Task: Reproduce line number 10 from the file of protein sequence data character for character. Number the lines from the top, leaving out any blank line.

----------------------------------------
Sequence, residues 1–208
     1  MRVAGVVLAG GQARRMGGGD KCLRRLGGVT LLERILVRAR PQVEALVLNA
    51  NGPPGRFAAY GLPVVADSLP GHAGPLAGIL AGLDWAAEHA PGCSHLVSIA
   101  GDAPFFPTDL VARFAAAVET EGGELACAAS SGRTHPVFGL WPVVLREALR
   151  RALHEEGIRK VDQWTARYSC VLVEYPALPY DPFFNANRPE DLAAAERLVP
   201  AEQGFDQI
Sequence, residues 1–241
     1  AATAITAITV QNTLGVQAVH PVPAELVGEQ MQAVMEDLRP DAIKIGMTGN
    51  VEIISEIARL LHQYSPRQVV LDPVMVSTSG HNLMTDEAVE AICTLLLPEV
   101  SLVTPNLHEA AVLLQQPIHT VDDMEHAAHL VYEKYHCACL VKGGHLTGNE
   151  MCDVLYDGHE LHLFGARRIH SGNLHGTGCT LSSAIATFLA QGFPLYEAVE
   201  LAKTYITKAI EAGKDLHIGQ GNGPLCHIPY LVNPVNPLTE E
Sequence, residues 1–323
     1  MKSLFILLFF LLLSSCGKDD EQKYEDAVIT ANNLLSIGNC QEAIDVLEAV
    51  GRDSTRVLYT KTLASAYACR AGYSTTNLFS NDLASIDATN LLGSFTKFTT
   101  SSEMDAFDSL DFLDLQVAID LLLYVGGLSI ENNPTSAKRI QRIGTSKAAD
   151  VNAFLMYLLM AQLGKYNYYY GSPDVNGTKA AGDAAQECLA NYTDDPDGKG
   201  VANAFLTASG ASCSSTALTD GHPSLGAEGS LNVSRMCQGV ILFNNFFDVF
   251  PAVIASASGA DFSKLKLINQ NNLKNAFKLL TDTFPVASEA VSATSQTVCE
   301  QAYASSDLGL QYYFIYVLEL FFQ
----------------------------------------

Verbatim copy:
   101  SLVTPNLHEA AVLLQQPIHT VDDMEHAAHL VYEKYHCACL VKGGHLTGNE